DIEGO RIVERA (1886-1957)

As famous for his art as his tempestuous marriage to Frida Kahlo, Diego Rivera’s
talent for historical murals and his tributes to earthy folk traditions made him one of
the most influential artists in the Americas and one of Mexico’s most beloved
painters. Influenced by Cubism and inspired by Post-Impressionism, it was when
Rivera began to study the Renaissance frescoes that he discovered his medium.
Rivera is credited with the reintroduction of fresco painting into modern art and
architecture and his vision and strong belief in public art led to his painting of some
of the most famous and controversial murals in America.

Diego Rivera incorporated his radical politics, being a life long Communist, and his
intense devotion to his cultural heritage into this art and saw his medium as an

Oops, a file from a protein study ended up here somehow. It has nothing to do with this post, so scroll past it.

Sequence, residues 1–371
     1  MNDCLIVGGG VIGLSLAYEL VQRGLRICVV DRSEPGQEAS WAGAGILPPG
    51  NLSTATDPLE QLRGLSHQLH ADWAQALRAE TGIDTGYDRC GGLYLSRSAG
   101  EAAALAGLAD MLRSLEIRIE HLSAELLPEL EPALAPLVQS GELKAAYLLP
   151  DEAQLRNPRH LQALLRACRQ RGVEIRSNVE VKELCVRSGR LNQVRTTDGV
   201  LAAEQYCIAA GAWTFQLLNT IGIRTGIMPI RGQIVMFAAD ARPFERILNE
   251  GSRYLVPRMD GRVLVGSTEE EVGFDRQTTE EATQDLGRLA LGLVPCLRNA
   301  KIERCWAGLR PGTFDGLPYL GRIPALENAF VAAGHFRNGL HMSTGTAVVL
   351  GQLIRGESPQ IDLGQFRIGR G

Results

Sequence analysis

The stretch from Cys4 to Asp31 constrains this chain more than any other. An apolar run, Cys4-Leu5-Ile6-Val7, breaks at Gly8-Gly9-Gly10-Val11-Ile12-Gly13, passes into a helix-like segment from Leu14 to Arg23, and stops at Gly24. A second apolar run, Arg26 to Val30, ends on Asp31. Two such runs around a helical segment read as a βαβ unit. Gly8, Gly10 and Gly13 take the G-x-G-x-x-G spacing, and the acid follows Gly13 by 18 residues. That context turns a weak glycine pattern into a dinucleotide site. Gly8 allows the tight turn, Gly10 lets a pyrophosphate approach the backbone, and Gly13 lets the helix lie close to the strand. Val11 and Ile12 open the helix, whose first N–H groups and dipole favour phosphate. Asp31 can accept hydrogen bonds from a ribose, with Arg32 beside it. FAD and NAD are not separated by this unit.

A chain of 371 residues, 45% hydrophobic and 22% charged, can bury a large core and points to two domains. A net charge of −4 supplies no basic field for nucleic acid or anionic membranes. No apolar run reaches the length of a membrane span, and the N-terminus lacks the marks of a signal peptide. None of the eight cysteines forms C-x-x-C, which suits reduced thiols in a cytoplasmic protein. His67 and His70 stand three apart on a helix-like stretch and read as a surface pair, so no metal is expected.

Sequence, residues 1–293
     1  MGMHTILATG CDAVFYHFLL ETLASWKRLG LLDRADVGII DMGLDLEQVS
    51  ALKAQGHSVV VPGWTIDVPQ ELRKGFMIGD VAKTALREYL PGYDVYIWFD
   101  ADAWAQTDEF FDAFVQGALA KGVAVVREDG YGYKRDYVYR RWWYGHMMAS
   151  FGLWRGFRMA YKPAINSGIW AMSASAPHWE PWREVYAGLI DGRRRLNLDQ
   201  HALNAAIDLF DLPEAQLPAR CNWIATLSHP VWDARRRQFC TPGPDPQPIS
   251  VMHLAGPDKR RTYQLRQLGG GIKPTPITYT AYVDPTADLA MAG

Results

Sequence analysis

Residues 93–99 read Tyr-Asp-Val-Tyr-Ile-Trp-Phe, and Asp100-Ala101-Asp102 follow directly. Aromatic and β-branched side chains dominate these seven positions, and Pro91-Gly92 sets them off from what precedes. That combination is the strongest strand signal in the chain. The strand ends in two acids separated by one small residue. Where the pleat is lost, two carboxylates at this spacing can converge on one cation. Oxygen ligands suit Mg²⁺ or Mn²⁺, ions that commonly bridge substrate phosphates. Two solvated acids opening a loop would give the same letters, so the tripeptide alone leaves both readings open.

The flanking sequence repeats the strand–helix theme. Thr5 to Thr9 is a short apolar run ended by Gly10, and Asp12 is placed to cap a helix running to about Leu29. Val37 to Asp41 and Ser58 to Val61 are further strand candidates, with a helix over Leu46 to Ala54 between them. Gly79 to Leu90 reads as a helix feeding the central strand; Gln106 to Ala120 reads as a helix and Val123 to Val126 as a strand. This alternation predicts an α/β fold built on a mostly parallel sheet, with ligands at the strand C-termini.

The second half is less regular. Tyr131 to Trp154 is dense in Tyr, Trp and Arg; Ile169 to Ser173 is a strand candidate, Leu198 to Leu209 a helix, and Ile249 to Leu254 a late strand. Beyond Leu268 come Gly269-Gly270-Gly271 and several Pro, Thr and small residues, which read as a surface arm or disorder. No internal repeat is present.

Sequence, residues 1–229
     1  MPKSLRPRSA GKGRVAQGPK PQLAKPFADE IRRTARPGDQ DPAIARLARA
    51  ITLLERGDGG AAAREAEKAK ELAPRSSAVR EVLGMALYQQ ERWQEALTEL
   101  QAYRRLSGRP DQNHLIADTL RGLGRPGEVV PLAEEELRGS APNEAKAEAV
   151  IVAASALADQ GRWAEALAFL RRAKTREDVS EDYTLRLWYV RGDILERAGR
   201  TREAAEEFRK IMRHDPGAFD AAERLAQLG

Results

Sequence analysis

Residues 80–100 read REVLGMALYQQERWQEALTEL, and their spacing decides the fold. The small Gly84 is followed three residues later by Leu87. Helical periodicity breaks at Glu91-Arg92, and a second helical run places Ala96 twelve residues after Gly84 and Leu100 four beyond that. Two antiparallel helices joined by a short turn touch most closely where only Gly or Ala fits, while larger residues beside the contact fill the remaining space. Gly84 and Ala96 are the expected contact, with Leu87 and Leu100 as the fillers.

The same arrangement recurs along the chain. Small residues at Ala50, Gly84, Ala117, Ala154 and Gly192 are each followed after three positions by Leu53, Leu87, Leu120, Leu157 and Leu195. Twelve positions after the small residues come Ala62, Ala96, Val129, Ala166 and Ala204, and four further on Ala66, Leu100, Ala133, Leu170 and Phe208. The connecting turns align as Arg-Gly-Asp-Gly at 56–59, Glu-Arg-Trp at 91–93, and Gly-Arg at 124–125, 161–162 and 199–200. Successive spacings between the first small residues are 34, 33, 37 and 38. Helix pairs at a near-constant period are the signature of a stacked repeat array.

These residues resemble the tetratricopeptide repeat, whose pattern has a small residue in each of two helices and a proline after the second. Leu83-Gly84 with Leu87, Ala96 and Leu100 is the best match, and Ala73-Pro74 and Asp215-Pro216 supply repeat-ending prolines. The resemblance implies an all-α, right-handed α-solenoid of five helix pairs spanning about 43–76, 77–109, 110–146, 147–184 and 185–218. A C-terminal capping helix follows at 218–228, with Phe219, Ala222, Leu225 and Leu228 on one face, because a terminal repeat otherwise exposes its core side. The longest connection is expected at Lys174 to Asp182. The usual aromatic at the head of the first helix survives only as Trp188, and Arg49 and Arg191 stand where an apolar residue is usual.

antidote to the elite walls of galleries and museums. He gained fame as a muralist
and altered the course of American painting through his ability to incorporate his
politics while maintaining a sense of simple historicity. His ability to condense a
complex historical subject down to the most essential parts: the struggle of the
working class, the effect of war and industry in the name of progress, the life on
the American worker, was one of his greatest gifts.

DIEGO RIVERA
Portrait of Enriqueta G. Dávila
oil on canvas
79 1/8 x 48 3/8 in.
DIEGO RIVERA
Untitled
charcoal on paper
18 3/4 x 12 1/2 in.
DIEGO RIVERA
Mujer
pencil on paper
5 1/2 x 3 7/8 in.
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